Michela had uncorked four bottles of wine, all produced by Bertani at this very winery: a Valpolicella Classico, a Valpolicella Ripasso, an Amarone della Valpolicella, and a Ricioto della Valpolicella Valpentana. And a bottle of Bertani olive oil. Michela took us through the tasting of the wines, starting with the Valpolicella Classico, then the Ripasso, and then the Amarone.
The first wines were most enjoyable. Then, we tried the Amarone. Whoa - what a superb wine! I found it noticeably superior to the other wines -- fantastically smooth. I won't prented to describe the particular tastes that one often sees in descriptions of a wine's flavour. I'm not an expert and I can't specifically remember, in any case. All I know for sure was that that wine struck me as particularly wonderful and a definite cut above the others.
We had the dessert wine (the Recioto) with some curious corn-flake-ish like cookies that Michela had chosen to accompany it. Not bad - I'm not a big drinker of dessert wines, but I could see how this wined paired with a sweet dessert would work.
Starting the tasting
During the tasting, we asked questions about the rules surrounding wine production, details about the ways in which the wine tours are typically run (she told us that early morning wine tours are rare - we were apparently the first group in five years to request an 8:30am wine tour!). We asked her about herself and how she came to be the hospitality directory at Bertani. She has a university degree in tourism and is also a wine enthusiast, and therefore this job offered her the perfect intersection of the two worlds.
Ending the tasting
Michela encouraged us to drink as much as we wanted from each bottle and to finish off the appetizers in front of us. This was quite generous, as the bottle of Amarone alone was worth up to 130 dollars in North America (I checked). I myself had to hold back with the tasting, as later on I would be the one driving the car. Everyone else, therefore, had many more samples than I did!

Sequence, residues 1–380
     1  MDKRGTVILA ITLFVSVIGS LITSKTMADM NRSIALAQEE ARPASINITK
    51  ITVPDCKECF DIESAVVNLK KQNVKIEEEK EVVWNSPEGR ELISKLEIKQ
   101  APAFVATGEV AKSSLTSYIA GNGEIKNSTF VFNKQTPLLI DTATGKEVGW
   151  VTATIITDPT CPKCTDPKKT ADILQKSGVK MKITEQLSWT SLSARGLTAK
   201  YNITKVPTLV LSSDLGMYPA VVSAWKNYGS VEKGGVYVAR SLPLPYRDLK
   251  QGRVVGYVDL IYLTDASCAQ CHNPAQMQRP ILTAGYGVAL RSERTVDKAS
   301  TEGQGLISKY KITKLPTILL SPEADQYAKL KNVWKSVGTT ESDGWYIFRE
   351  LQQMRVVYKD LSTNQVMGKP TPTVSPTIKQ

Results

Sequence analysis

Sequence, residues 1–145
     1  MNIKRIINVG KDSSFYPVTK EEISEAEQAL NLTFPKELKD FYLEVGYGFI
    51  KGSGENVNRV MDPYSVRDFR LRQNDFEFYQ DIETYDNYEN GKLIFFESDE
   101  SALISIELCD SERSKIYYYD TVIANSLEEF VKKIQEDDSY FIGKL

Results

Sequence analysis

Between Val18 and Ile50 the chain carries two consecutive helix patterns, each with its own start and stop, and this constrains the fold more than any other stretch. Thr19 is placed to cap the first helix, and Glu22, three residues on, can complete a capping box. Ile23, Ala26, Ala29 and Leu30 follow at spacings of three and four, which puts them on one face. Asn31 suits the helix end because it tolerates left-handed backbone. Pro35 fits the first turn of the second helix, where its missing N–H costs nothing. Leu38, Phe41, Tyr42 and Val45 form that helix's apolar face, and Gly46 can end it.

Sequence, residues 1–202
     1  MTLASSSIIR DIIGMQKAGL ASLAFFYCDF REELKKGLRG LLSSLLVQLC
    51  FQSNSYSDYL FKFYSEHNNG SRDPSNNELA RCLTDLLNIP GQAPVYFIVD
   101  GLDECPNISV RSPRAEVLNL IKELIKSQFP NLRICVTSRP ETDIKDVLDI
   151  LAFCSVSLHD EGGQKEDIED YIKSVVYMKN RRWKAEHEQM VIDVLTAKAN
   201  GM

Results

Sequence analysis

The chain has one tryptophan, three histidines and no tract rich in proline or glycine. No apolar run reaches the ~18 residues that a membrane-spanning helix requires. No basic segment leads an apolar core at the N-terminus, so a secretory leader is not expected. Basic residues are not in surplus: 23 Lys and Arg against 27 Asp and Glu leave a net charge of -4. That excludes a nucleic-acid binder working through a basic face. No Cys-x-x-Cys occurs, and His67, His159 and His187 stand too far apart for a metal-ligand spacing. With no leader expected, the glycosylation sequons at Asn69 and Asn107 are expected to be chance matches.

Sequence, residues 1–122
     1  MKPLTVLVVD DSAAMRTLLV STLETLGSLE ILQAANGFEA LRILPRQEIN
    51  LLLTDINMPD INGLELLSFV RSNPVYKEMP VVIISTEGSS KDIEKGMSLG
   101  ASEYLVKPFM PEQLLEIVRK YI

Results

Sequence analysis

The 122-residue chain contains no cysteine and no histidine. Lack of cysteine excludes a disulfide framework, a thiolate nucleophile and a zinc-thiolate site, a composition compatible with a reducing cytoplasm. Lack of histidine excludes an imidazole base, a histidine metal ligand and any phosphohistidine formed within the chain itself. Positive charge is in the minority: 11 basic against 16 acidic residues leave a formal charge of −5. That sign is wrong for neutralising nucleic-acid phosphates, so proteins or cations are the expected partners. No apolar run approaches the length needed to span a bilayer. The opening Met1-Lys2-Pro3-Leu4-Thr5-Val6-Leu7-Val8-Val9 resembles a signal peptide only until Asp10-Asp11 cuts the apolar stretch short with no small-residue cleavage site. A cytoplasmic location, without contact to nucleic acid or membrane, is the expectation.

Happy after the tasting
After the wonderful wine tasting, our tour was complete. The winery has a small wine shop, where (after having thoroughly enjoyed our sampling of the various wines) we decided to purchase several bottles (including several of that vintage of Amarone, which were being sold for a decent 58 euros per bottle). We then thanked Michela for her time, and spent some time re-arranging the luggage in the car to accommodate all of the bottles of wine we just bought!
A tough packing job
[Update, September 2013] Although the report you just read about Villa Novare accurately described it as we toured it in 2010, you should know that as of 2013, the estate has been bought entirely by Gaetano Bertani, and is now a separate concern from Bertani Wines. It is now called the Villa Mosconi Bertani. If you are interested in wine tastings and/or touring the villa from this point on, please go to the Villa Mosconi Bertani (english version) website.
Interactive Trackmap, tour of Villa Novare
The time was now roughly noon (So much writing and I'm only halfway done our day!). The order of business for the second half of the day was a complete change from the elegant world of wine tasting: we had pencilled-in a climb to a rifugio in the nearby southern foothills of the dolomites, with a via ferrata to tackle enroute! I had already called the rifugio in advance and reserved spots for the five of us.